Sunday, November 20, 2016

Observing St.Andrew the Apostle

Matthew 4: 18-22

Good morning fellow St. Andreans—or as some of our choir used to say, “fellow St. Androids”--  family, neighbors, and friends.  A special welcome and word of thanks, as for so many years our friends of the Syria Highlanders have blessed us  in the celebration.  We are reminded by your presence to include in our prayers the important work of the Shriners’ Hospitals for Children, which you all continue to serve as your fundraising mission.  It’s a great pleasure for us to have the opportunity to share in that with you.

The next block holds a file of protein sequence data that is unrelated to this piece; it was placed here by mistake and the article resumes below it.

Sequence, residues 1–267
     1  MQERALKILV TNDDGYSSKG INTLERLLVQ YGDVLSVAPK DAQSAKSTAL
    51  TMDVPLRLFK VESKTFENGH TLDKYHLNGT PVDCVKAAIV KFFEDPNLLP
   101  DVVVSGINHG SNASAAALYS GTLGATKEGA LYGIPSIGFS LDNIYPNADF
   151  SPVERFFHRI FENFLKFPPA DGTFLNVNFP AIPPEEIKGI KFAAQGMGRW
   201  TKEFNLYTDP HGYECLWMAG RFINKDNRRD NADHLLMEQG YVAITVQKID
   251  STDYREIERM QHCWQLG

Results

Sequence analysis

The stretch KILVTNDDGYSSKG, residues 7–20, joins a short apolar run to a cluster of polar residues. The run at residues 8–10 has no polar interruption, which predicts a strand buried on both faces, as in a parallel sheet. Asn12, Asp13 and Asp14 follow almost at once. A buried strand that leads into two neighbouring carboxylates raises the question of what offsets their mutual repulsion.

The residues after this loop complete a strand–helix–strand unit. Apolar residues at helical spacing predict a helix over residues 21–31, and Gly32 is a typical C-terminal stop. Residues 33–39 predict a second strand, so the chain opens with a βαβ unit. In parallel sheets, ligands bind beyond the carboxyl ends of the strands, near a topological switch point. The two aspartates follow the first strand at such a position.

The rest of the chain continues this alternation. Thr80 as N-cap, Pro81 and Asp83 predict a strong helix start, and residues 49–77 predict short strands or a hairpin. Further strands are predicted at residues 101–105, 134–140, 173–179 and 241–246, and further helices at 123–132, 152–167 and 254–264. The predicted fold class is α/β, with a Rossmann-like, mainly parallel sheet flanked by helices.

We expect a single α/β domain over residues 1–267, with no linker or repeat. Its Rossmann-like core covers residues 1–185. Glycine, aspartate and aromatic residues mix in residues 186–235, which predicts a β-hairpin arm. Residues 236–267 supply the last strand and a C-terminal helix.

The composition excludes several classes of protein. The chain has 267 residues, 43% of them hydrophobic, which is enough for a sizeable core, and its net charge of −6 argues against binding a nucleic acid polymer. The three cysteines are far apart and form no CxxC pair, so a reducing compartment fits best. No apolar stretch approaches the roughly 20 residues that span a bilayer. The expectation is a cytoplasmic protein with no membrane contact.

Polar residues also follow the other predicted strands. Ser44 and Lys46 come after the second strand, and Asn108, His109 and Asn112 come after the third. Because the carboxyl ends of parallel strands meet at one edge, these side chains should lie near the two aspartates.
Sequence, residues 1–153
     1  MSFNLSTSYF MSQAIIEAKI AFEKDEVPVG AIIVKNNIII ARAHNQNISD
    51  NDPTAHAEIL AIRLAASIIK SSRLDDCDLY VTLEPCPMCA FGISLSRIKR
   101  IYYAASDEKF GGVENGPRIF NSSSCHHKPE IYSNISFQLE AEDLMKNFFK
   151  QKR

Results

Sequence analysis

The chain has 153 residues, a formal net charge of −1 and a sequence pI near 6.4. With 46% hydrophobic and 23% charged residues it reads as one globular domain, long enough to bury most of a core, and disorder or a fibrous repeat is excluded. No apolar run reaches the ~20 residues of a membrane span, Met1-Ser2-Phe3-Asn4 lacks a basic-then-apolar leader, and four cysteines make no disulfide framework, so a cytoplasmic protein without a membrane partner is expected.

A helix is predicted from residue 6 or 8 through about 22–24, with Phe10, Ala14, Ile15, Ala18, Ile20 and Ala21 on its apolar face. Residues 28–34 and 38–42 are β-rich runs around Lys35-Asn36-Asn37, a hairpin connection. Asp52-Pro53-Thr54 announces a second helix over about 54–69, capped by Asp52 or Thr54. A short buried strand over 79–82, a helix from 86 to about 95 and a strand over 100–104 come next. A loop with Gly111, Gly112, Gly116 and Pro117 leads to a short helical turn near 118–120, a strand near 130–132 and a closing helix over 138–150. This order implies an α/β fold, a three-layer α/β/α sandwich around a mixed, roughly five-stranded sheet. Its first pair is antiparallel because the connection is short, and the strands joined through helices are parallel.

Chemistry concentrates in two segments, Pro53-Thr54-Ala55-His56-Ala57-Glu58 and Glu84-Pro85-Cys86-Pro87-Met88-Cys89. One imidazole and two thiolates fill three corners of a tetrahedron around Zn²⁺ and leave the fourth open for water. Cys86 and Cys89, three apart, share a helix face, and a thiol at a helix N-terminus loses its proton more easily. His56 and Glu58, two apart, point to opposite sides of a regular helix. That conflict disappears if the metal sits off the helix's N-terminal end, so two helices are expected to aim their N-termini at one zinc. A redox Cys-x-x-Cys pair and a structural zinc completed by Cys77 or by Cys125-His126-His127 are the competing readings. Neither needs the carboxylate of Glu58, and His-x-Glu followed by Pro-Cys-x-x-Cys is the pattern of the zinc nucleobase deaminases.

This year St. Andrew’s Day was also set by our Vestry as Stewardship Sunday --and the idea  was that St. Andrew’s Day would be a good occasion to share a prayer of dedication of our offerings of time, talent, and treasure.  And in that context I want to pause over a phrase in our gospel  for St. Andrew’s Day that is at the thematic and theological heart of what Matthew wants us to understand about Christian life, Christian stewardship.  From Matthew 4: 20.  Jesus calls to Andrew and Peter, as we hear every year on this day: “Follow me, and I will make you fishers of men,” the beginning of a new chapter of the holy story, the first evangelistic invitation to join in the life and work of the Church of God, the Body of Christ.  And then, Matthew tells us, “immediately they left their nets and followed him.”  And to shine a light on those four key words:  “they left their nets.”